studies must be completed prior to submitting a Biological License Application (BLA) for licensure with the FDA.
A meeting was held with the FDA in July 2014 to present human dose-conversion and to discuss the intent to submit a pre-Emergency Use Application, or pre-EUA. As a result of this meeting, the FDA confirmed that entolimod’s existing efficacy and safety data and animal-to-human dose conversion are sufficient to proceed with a pre-EUA and agreed to accept a pre-EUA application for review. A pre-EUA application is being prepared for submission in the first half of 2015, using the human dose of entolimod that was determined through a proprietary dose conversion methodology, which utilizes the data from the pivotal non-human primate studies and clinical studies of entolimod in healthy volunteers. If authorized, pre-EUA status will qualify entolimod for potential use under a state of emergency. Such authorization is not equivalent to full licensure. CBLI is planning to complete development of entolimod required to submit a biologic license application, or BLA, for full FDA approval.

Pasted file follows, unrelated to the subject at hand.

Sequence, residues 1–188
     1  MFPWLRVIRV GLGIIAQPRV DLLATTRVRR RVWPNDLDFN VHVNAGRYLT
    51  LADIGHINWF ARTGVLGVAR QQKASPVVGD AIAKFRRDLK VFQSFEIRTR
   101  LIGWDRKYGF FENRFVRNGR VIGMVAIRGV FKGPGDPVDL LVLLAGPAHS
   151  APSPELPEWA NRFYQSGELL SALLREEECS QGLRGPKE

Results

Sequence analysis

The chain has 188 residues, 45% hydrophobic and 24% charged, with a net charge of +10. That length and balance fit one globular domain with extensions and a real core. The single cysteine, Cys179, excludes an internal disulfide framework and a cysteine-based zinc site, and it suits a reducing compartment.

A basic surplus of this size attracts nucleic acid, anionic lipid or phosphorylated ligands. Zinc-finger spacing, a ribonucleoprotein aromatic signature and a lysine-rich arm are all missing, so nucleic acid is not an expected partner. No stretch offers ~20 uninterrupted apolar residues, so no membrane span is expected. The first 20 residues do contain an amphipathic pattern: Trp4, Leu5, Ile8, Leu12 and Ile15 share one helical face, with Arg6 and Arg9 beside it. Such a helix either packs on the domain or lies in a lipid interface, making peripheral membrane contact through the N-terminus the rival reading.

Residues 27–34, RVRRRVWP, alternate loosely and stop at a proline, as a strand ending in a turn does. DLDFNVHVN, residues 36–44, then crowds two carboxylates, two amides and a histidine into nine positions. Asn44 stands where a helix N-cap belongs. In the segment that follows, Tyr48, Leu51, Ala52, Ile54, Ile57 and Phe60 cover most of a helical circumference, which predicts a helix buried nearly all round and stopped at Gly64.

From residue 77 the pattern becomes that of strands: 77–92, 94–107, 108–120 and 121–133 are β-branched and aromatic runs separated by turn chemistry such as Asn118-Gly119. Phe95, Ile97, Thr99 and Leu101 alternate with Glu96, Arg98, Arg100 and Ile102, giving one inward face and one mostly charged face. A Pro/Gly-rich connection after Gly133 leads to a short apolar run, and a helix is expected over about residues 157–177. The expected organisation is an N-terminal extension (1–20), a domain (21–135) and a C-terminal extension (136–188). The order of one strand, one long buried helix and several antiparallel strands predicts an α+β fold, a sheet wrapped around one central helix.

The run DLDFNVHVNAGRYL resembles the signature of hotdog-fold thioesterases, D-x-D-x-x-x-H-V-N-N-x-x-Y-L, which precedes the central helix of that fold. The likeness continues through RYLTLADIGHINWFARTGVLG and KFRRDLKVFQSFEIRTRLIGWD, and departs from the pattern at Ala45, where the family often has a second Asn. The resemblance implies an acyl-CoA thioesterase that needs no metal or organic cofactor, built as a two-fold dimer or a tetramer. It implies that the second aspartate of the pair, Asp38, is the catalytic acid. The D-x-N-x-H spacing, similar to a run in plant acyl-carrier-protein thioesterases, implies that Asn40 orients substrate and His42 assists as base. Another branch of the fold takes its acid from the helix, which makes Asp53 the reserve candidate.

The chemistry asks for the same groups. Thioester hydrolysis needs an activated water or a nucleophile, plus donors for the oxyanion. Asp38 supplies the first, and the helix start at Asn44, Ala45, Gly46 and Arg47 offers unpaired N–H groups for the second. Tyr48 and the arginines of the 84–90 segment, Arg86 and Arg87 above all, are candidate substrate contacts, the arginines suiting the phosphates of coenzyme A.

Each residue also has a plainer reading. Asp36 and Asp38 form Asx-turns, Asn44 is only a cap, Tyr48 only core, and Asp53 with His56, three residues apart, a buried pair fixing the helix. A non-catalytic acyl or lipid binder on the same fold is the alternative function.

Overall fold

The Full Paper by Ross will be presented during NCT CBRNe USA Innovation Stream, taking place from April 29 to May 1.